Insulin pumps for tighter control: Alejandra Marquez, 36, of Greensboro, North Carolina, began using an insulin pump when she started trying to get pregnant. Before leaving her native Venezuela for the United States in 2010, Marquez had not seen many pumps. But here, as part of DiabetesSisters, a nationwide support group for women with diabetes, she says many folks she knows with type 1 diabetes are pumpers, like herself. “It’s easy for me to control with the pump,” she says. It paid off: After going on the Minimed Paradigm Real-Time Revel pump in 2011, Marquez is now mom to healthy baby Lucas, born in August 2014.

 Pumps for constant control: Amanda Holmberg, 39, of Arlington, Virginia, loves that her Medtronic MiniMed 530G, like all pumps, delivers a constant programmed stream of background or basal insulin—except when it doesn’t. And that’s something she loves even more. The MiniMed 530G is the first device cleared by the Food and Drug Administration with Threshold Suspend technology, which stops insulin delivery for up to two hours if blood glucose hits a certain low point and the user doesn’t respond to the alarm. This feature is great for people who, like Holmberg, have hypoglycemia unawareness. “If I’m getting the low alerts and not responding, it shuts the pump off,” she says. “It has happened a couple of times overnight, and it’s probably saved me from an ER visit.”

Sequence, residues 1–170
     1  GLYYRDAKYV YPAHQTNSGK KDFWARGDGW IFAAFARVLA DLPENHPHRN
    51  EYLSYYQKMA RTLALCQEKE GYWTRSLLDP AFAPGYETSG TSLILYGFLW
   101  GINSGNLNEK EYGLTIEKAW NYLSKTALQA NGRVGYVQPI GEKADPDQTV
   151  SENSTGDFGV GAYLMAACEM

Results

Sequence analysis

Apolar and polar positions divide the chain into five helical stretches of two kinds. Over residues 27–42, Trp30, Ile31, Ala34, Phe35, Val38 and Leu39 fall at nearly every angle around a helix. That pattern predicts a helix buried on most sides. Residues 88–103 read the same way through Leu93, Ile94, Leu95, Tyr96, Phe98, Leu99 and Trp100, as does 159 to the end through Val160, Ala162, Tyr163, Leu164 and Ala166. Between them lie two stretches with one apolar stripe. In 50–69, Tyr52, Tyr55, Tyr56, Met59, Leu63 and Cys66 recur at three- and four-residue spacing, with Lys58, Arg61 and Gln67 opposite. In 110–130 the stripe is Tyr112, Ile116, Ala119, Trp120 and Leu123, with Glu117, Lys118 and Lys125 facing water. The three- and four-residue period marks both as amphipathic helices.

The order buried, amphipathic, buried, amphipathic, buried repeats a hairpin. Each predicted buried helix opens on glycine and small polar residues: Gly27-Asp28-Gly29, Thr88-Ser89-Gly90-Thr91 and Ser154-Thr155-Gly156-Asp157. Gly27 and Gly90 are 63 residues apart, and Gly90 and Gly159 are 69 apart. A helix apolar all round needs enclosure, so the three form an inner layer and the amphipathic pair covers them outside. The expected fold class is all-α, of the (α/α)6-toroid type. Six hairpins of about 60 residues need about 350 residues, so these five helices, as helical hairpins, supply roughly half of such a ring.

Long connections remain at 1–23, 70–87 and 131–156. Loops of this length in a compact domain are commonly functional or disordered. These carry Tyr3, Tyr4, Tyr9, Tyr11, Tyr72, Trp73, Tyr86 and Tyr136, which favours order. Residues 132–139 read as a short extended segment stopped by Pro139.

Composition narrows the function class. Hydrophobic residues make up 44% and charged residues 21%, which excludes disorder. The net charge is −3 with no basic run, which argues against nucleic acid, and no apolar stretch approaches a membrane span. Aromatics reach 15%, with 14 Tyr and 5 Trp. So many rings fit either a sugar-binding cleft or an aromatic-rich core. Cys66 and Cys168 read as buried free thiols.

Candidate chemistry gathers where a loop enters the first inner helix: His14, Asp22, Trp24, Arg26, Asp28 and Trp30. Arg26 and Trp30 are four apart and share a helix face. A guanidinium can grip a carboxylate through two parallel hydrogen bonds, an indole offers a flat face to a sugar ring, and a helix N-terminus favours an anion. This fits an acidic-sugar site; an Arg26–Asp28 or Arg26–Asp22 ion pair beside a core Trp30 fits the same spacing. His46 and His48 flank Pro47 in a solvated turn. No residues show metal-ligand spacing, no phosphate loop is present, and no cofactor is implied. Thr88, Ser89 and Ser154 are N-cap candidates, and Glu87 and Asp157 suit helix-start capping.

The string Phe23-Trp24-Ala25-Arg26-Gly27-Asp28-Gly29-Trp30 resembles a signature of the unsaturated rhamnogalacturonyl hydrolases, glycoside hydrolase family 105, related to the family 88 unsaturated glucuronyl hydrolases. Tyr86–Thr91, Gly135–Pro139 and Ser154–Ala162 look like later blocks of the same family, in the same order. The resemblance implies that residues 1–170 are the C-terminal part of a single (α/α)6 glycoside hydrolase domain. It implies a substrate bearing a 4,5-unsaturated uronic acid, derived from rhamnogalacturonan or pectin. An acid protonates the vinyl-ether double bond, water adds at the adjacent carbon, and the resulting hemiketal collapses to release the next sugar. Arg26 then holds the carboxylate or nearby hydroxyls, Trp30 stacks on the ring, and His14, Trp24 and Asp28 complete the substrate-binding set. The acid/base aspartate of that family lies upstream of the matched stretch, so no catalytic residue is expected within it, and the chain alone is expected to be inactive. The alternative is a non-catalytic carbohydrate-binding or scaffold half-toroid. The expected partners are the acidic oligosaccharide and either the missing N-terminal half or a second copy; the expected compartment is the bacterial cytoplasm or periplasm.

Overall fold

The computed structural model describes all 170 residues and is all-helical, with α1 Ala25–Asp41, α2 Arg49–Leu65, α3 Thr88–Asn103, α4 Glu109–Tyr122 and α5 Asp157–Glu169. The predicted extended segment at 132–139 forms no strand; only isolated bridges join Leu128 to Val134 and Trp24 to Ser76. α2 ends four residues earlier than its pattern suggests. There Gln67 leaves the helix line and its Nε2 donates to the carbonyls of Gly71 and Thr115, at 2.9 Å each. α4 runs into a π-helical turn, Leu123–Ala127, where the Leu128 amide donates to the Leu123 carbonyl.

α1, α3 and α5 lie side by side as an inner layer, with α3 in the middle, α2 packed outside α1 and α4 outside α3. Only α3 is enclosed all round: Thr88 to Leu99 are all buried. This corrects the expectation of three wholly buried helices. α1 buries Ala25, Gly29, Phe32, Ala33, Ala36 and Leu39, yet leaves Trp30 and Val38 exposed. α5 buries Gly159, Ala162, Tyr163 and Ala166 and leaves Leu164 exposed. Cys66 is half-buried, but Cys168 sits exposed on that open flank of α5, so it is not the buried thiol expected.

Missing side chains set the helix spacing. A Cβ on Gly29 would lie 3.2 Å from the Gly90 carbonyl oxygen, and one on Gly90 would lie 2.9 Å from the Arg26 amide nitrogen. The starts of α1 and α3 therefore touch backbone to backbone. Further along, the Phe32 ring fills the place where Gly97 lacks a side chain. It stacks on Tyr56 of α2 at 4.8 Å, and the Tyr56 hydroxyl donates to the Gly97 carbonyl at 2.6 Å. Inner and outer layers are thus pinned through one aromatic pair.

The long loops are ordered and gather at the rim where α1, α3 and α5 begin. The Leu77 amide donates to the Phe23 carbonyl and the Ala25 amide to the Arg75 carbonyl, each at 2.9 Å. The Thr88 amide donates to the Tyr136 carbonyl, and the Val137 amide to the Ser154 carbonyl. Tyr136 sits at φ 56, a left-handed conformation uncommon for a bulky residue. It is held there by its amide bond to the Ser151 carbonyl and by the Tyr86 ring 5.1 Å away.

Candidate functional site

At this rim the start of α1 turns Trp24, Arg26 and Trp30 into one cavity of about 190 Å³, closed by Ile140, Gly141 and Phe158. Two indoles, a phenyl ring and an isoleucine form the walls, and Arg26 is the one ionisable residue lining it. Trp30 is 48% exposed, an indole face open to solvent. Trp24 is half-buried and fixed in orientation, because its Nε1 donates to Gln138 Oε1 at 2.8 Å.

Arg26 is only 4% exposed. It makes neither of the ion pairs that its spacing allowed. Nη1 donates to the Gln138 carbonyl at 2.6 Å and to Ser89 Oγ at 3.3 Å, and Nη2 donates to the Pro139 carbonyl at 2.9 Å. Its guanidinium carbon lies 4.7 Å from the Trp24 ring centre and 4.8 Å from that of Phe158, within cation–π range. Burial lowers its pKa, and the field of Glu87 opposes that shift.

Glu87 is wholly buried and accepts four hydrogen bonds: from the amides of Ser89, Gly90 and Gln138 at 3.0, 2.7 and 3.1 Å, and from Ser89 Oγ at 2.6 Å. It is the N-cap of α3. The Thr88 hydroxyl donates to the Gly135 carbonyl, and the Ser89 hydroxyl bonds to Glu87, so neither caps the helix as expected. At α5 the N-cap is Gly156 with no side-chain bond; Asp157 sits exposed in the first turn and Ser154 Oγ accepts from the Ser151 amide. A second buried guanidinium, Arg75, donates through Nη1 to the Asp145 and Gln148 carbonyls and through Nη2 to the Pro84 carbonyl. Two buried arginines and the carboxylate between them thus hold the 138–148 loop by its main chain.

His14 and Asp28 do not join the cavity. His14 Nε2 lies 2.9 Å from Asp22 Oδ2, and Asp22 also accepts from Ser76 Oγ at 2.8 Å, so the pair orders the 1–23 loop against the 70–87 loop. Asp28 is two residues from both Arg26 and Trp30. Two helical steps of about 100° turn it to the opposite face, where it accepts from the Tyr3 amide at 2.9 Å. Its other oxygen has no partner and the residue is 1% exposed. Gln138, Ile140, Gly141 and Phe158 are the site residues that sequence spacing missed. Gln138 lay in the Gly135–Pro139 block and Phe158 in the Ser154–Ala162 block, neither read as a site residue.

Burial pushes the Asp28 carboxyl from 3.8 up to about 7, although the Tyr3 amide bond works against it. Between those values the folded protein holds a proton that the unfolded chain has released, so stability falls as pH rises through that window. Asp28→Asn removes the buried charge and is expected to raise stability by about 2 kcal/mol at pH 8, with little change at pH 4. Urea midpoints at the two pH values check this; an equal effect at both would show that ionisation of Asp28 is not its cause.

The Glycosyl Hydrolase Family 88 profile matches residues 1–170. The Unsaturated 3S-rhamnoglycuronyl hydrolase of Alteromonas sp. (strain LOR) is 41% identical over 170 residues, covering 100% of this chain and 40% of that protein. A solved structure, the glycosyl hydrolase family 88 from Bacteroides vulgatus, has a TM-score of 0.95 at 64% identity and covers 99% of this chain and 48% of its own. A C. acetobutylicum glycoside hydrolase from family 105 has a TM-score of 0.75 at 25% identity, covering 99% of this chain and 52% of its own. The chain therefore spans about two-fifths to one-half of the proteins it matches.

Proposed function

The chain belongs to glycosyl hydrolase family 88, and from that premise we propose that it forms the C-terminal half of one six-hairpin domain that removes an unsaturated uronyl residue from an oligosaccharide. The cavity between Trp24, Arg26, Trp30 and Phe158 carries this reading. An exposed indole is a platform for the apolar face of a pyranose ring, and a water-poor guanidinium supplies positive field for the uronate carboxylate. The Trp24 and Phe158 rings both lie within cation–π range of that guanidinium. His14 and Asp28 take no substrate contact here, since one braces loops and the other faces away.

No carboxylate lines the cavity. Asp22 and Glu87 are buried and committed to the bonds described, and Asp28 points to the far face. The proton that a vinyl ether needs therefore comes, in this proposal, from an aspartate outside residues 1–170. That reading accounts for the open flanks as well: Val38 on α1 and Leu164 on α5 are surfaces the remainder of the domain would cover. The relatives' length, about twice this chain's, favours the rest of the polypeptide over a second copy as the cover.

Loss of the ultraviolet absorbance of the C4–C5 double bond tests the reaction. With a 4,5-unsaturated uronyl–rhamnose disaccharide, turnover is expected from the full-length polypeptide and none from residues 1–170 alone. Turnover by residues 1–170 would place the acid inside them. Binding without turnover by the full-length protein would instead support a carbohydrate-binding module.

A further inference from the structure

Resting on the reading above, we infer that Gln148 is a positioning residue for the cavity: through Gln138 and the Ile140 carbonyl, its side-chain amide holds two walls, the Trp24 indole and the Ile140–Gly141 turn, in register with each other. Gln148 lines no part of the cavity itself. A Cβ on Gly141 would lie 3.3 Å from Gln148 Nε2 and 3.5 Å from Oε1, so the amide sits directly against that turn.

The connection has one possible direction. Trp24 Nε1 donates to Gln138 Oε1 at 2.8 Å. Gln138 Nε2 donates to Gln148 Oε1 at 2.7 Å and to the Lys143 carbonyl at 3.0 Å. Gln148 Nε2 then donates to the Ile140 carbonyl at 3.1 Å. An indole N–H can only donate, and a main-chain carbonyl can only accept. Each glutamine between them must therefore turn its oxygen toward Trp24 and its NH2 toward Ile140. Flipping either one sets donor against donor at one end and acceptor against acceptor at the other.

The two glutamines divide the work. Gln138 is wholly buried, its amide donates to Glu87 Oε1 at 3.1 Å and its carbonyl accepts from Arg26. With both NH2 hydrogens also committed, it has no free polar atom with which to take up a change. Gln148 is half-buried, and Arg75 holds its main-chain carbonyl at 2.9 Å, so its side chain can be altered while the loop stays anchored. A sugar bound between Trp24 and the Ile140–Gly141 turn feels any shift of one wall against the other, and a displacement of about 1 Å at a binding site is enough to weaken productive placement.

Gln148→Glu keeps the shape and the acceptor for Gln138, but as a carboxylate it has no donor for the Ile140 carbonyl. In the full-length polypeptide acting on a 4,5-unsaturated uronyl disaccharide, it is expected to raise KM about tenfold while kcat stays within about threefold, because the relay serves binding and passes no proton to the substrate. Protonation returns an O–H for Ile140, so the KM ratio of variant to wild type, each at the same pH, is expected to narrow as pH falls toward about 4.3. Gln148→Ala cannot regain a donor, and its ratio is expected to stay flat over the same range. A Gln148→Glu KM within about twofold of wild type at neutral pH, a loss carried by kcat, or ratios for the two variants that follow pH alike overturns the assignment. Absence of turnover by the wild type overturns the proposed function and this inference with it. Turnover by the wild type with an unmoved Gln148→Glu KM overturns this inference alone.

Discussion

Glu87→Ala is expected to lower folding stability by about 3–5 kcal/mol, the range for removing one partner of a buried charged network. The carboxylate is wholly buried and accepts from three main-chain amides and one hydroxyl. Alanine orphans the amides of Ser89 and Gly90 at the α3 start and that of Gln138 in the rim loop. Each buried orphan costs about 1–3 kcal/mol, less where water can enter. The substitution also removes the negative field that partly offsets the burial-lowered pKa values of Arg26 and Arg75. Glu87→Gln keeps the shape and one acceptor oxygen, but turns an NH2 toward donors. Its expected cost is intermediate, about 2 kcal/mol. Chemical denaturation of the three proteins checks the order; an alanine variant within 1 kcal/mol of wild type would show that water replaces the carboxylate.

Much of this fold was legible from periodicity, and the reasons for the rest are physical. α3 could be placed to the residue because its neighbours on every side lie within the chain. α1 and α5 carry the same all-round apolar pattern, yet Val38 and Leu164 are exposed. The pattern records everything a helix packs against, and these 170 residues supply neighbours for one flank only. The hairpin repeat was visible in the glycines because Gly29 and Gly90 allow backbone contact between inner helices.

Pumps for safety and simplicity: Tyvela runs a day care out of her home, so keeping sharps away from little hands is a must. “I like that I can bolus on the go,” she says of her Medtronic Paradigm 720. “I like that I don’t have to use syringes.”